This article outlines a simple way that any U.S. state can:

  • control the total amount of taxes (state and federal) that state residents and businesses pay
  • stabilize the total level of government spending (state and federal) in a state
  • recapture federal tax expenditures for the state’s own purposes

This plan requires not some complex constitutional shenanigans, but simply:

  • changes to the state tax code
  • basic arithmetic

Since this is a blog about California, I’m going to explain how this would work here, but really, any state could pull this off. The states particularly well suited to this plan are the ones with the highest state income taxes already: after California, these are Oregon, Minnesota, Iowa, New Jersey, Vermont, New York, Hawaii, and Wisconsin.

Background

Following the November 2016 election, it seems very likely that the federal government will soon do the following two things:

  • cut taxes for high-income earners
  • cut funding for Medicaid

Medicaid is a state-administered federal program (in California we call it Medi-Cal), so fixing this is almost entirely a matter of funding. A straightforward solution for California (and other states that believe families and low-income individuals should have access to health care) would be:

  • raise taxes on high-income earners
  • use that money to fund Medicaid in the state

In fact, this solution would apply to most of what the federal government does in California, or any other state. Check out Ezra Klein’s article The U.S. Government: An insurance conglomerate protected by a large, standing army, where he makes that point that:

  • other than the military, the primary activity of the federal government is cutting checks
  • changes in spending almost entirely affect health care and other social services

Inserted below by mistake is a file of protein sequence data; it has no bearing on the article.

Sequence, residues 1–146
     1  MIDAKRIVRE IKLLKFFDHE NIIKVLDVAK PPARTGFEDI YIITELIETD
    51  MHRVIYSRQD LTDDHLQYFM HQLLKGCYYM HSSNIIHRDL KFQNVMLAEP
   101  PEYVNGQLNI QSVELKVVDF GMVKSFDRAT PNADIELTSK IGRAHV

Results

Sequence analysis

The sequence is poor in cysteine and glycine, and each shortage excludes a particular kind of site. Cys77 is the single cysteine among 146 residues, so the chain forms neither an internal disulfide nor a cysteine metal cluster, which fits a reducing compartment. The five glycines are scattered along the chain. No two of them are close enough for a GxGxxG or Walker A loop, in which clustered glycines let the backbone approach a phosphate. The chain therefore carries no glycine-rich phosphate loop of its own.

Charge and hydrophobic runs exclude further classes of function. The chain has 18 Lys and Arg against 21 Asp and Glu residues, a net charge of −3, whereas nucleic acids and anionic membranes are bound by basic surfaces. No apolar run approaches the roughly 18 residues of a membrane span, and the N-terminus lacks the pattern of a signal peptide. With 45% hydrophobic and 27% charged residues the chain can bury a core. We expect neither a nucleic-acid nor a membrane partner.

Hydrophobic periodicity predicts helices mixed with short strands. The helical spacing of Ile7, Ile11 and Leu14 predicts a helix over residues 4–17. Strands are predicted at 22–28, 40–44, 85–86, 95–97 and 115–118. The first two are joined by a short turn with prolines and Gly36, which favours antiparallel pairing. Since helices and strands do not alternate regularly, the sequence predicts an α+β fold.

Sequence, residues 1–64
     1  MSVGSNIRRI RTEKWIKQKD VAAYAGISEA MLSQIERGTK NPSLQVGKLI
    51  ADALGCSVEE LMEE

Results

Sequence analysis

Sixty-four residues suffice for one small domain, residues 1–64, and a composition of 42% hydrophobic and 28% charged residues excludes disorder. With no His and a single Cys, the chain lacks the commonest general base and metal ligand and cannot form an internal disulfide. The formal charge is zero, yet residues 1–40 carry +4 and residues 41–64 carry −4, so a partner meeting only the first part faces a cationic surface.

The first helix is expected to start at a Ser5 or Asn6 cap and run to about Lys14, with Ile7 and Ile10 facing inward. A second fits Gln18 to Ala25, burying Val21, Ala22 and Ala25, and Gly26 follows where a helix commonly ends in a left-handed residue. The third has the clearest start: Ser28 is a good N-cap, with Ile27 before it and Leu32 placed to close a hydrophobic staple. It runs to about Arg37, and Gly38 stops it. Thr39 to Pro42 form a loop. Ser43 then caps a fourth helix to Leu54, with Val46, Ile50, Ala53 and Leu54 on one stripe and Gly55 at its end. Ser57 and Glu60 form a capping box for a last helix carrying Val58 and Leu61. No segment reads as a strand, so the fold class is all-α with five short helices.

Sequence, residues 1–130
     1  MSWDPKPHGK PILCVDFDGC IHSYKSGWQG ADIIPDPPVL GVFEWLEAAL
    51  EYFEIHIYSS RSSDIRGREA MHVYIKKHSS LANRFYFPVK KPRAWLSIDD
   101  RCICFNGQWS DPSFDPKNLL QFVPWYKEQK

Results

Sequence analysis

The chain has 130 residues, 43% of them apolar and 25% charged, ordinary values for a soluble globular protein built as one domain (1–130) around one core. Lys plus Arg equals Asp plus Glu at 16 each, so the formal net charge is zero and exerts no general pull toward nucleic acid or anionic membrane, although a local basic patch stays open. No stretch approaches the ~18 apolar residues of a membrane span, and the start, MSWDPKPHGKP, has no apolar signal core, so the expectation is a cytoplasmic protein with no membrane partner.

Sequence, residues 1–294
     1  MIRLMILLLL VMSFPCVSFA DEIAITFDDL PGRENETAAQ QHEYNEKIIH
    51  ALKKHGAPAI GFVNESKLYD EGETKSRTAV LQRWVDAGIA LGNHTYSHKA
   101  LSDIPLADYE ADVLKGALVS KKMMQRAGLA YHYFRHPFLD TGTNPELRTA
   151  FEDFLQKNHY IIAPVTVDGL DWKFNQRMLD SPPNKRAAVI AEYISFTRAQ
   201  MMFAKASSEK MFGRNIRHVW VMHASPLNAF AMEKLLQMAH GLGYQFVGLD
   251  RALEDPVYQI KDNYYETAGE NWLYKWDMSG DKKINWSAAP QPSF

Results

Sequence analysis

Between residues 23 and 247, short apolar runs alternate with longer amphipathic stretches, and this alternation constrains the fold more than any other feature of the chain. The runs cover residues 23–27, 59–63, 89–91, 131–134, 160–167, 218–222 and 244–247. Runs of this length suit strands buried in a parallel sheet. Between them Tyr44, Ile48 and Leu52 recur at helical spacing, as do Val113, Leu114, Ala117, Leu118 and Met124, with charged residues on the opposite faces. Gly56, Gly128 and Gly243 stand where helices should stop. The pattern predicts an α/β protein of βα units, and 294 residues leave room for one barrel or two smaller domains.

Great! So now that we’ve solved Medicaid/Medi-Cal funding, all we have to do in California is apply the exact same solution to:

  • TANF (“welfare”), administered by California as CalWORKS
  • SNAP (“food stamps”), administered by California as CalFresh
  • SCHIP (children’s health care), administered by California as Healthy Families
  • health insurance subsidies for the ACA (“Obamacare”), administered by California as Covered California
  • federal funding for the Central Valley Project
  • any of the various federal grants that go to California for transportation, renewable energy, education, water, the environment, or basic research

Ugh. This is starting to get complicated. Can’t we… automate this somehow?

At least as far as revenue goes, yes, yes we can. Here’s how it would work.

The awesome power of… subtraction?

Currently, California’s Revenue and Taxation Code defines the amount of income tax residents pay in addition to federal income tax. The state takes its cut, and so does the federal government, with no coordination between them on tax rates. They can both cut or both raise your taxes in the same year.

Instead, I’m proposing that the California tax code determine the totalamount of state and federal income taxes that residents and in-state businesses pay.

How can a state do that, without the consent of the federal government?

Through the awesome power of subtraction.

In essence, the California would determine its own tax rates and tax code, and make federal income taxes fully creditable against state income taxes.